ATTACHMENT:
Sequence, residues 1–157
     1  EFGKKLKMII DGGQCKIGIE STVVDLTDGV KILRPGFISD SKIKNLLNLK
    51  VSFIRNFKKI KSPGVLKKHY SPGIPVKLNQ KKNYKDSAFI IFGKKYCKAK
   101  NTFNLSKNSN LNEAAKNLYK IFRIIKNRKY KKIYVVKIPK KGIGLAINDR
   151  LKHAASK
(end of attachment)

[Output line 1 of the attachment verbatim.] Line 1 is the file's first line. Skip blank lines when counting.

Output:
Sequence, residues 1–157